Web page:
and the ones we never want to forget

all at once.

A constant stream:

stories that make your left leg jolt toward tomorrow, and your right leg turn-tail-and-full-tilt toward your baggage, and now you are standing in the middle of an empty room side-eyeing the walls, left and right leg action an amalgam of mettle that doesn’t mix, bleeding caucauphony, wondering how you will ever stop spinning in circles without throwing out babies with bathwater, and you are the baby, and you are the bathwater, and all you want is for the walls to shut up.

So you buy noise cancelling headphones.

And the walls grow faces,

you never knew you could read lips until the lips are saying things you wish they wouldn’t.

So you move across the country.

And the pilot greets you and looks like her father,

and the moving men look like they are more her type,

and your mother asks you what is wrong,

and you lie to her

and she doesn’t believe you.

But you’re home now,

where the walls have other stories to tell.

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You always drew us inside of lines:

blended wax like candles that burned too close

wiping skin tones and life onto

cartoon faces

and hands

in beautiful hues

that Crayola should have paid you for.

If you had a color named after you it would be hope.

You taught me how to

obey bold borders and made the most

negative space, like a coloring book savant.

You never let yourself be messy,

even though it feels like all I could ever do consistently,

in fact, in the history of the numbers

eight and a half and eleven

there has not oft been more elegance.

I just hope you understand.

It wasn’t that I didn’t think you were artwork.

It’s just that I’ve learned,

after years,

that sometimes it is better to strike a match and turn

beautiful into ash,

and always be able to smile when you think back.

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7/30 (Magic Bag Lady, 4.10.13)

I never knew if she was spot-lit,

or if my heart was InstaGram filtering the information

between my retina and visual cortex —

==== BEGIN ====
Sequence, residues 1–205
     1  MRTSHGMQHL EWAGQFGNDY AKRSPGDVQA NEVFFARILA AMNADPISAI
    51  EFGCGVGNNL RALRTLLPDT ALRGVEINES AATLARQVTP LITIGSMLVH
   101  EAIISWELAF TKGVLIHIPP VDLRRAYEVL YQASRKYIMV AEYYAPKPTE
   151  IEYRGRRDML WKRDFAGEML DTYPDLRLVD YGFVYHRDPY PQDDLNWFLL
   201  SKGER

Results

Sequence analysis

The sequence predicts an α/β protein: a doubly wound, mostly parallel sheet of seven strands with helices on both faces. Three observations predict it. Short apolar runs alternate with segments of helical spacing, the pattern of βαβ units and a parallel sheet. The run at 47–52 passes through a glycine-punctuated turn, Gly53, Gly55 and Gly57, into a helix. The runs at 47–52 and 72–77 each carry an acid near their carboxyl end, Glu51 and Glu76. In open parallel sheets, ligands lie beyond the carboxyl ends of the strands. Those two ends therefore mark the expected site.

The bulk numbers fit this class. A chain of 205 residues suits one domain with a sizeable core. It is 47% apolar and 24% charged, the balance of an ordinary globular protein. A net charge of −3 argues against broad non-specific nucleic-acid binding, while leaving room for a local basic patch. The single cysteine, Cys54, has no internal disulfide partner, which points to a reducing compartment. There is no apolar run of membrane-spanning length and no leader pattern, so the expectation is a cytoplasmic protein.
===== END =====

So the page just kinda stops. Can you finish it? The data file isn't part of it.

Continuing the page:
but she was illuminated.

I wanted to ask her how she could

glow this, inside of

(in spite of)

the darkness, but instead

I used my lungs and mouth and throat to

practice saying things other than ‘goodbye.’

I’ve learned better than

demanding too much of magic:

before you know it, you’re the crotchety bastard at your niece’s 7th birthday party asking the clown when he got out of the joint, telling all children in attendance, in no uncertain terms, that Santa Claus is a white-man-lie, so don’t bother writing him this winter.

and for once, I just wanted

to believe, or for once to

feel what faith felt like with it’s hands pulling at my clothes as if they had no place in this pulpit;

to fall in love again,

if only with her illusion.

I have a bad habit of asking questions

that I’m not ready to hear answers to;

asking questions

that I know the answers for

and still want to hear out loud:

as if I need to know that they have

the bottomless pupils and

scalpel teeth and

three-drug-cocktail and

pull-your-heart-out-because-I-missed-breakfast-and-you-are-just-so-nice that

they sound of echoing inside of me.

And this night, I didn’t want those answers

There was light falling out of

the curls she wore just

for me, and she had rearranged

herself —

spaces that were normally cluttered inside

of her bags had been neatly organized.

She wanted to show me she

could pack light, could not-miss buses, could travel as more

than one.

She reached out and handed me a ‘yes’ to a question

that I hadn’t found the armor to ask of her.

I will always love her for that.

I left the next morning.

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Yesterday I spent the

majority of the day —

all of the time I could find in my wallet —

looking in the mirror,

re-learning how to smile,

rinsing my mouth out single-malt antiseptic,

repeating until I couldn’t taste


except clean

speaking into the ether;

slurring into the reflection of this thing that I’ve become:

best yet, doesn’t mean best coming.

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5/30 (Arroz/Leche 4.6.13)

her skin reminded me of horchata;

her lips reminded me of my thirst,

her hands pulled me toward quench,

she had cinnamon and vanilla

buried just below her surface;

I could smell it dancing from the pores

between earlobe and clavicle.

I stopped occasionally

to let her kiss me back, or

to talk about Sao Paolo and Samba and Verocai

or Cuba and her abuela’s Arroz con Pollo.

I don’t know

If she knows how to dance

the songs of her people,

three-step counts might be one too many,

but she sings Prince and D’Angelo

like it is tattooed on her soul —

slightly-off-key and fearless,

like this these are the songs that matter;

I don’t know that her hips or lips or tongue

can speak my language, but

I could listen to them try

for hours.

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4/30 (Snow Leopards Cannot Be Domesticated, 4.6.13)

My momma asked me

why I would want to kiss a mouth full

of steel and lead,

as if taste testing scalpel would prepare me for the carve —

like when you dip foot into cold water

and try to brace yourself for what it will feel like pulling you down by your neck.

She asked why I would kiss a mouth without a tongue,

only teeth,

built for deforestation,

all slash and weld and scythe blade;